Financial Freedom Mindset Action Steps

  • Envision your ideal day
  • Write down or record your ideal day
  • Continuously reflect on – what can I do today so that it slowly begins to resemble my ideal day?
  • Do a Time Audit – where are you spending your time?
  • Create a budget – does your spending align with your goals and values?
  • Seek out opportunities that lead to the Financial Freedom Mindset
  • Name your fears and come up with an action plan to counteract them
  • Be mindful of your time, money, and energy – do they align with your values?
  • Use the Financial Freedom Mindset to live your ideal day
Financial Freedom Mindset

Financial Freedom Mindset Final Thoughts

Complete delayed gratification is not for me. I’m not willing to wait another 30+ years to live my best life.   Within reason, I want to live like I’m financially independent right now.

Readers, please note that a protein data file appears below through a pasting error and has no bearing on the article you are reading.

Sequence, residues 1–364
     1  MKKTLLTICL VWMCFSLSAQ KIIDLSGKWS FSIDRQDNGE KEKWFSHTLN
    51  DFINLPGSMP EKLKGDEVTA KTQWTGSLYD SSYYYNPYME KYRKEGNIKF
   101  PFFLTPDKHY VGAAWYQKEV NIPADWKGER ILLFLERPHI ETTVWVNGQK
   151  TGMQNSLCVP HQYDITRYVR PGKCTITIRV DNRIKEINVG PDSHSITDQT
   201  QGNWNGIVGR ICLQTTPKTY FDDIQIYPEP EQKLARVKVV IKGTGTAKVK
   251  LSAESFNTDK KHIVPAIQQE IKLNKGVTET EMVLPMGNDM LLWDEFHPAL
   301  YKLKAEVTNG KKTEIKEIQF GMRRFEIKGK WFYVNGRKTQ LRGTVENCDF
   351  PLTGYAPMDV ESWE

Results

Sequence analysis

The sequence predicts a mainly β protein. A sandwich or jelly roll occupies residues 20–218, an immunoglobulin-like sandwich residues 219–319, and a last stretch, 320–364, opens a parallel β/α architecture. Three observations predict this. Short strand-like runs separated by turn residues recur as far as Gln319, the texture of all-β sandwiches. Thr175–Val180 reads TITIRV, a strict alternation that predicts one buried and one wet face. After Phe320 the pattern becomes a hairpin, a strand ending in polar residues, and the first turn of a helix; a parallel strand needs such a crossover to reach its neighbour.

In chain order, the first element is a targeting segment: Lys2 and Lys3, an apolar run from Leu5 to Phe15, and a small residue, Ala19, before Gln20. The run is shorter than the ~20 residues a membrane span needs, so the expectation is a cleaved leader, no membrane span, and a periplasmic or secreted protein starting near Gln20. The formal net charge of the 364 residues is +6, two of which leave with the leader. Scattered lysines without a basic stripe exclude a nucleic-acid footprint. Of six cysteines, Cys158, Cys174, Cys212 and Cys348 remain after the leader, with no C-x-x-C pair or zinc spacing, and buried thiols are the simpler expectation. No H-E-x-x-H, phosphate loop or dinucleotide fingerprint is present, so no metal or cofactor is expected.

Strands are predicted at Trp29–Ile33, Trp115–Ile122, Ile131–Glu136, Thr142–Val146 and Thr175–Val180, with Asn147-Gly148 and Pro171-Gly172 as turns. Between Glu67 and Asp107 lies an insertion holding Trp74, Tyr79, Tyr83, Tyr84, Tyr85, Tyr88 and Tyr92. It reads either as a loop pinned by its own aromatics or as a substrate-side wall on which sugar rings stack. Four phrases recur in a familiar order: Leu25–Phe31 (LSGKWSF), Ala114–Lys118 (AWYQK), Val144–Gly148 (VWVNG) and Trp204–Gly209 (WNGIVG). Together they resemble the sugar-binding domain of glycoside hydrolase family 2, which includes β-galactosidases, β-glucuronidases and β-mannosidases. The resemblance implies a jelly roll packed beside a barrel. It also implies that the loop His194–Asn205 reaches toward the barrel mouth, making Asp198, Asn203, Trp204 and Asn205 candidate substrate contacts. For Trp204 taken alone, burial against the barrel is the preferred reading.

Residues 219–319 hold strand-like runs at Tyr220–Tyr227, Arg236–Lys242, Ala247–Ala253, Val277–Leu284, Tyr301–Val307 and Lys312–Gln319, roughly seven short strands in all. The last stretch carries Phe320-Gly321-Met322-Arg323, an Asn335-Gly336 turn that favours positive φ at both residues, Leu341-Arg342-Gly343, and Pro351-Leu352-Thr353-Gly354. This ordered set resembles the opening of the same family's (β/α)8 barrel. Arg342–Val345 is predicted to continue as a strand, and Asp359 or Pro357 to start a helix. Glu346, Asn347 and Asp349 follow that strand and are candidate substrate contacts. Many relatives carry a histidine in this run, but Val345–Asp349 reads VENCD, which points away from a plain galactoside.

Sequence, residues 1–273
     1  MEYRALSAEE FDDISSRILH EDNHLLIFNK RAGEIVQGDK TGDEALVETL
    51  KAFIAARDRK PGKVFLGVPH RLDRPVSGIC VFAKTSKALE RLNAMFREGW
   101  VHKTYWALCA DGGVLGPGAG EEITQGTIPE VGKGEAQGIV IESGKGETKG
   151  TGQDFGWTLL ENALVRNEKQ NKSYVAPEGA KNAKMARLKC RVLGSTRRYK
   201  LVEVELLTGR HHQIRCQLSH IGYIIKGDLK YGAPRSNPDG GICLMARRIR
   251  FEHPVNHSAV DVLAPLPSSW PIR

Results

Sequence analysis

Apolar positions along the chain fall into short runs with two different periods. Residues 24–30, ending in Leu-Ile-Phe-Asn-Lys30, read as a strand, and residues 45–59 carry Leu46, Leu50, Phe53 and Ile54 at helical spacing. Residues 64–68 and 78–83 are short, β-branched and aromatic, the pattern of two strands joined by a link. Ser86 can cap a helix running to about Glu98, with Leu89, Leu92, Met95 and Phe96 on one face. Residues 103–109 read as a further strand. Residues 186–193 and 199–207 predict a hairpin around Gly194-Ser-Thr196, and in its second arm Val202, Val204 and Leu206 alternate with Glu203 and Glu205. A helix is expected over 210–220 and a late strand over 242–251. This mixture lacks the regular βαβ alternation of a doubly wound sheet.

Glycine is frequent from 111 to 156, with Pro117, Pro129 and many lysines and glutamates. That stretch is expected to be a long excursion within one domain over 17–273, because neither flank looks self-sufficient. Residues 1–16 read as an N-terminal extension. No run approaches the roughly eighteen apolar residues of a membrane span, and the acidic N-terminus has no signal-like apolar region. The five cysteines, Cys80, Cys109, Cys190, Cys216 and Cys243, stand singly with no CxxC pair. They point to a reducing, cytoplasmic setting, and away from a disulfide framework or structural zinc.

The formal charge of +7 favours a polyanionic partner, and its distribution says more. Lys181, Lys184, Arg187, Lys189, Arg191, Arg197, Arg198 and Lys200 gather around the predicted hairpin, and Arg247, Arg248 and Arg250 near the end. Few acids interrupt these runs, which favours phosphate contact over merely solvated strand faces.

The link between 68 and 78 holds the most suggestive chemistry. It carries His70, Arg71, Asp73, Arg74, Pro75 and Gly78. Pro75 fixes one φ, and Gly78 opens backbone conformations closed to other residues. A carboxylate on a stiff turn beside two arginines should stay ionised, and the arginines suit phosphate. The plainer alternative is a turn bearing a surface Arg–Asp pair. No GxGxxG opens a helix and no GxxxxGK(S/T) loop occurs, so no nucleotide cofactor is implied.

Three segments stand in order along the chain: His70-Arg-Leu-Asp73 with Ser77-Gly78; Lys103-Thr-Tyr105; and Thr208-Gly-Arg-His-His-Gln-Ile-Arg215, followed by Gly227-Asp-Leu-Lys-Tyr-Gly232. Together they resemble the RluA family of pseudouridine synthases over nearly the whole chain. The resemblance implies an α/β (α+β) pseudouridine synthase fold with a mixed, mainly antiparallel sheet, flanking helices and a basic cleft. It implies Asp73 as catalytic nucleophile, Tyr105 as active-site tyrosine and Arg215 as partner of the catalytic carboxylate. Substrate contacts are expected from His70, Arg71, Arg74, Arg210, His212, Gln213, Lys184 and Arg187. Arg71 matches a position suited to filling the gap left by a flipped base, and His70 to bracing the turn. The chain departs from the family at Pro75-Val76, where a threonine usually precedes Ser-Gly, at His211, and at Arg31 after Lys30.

Achieving financial independence is not black and white; it’s more of a dimmer switch.  By continuously seeking opportunities that align my time, money, energy, and values, I’m moving that dimmer switch in the right direction.

There’s more to financial independence than dollars and cents.  For me, it’s that feeling of independence – like I am in control of my own time.  To enjoy today without feeling deprived.

I’m not saying that I’m willing to throw away my financial independence plans for a sports car or shiny new toys.  But I am willing to delay reaching financial independence in order to get more enjoyment out of my day today.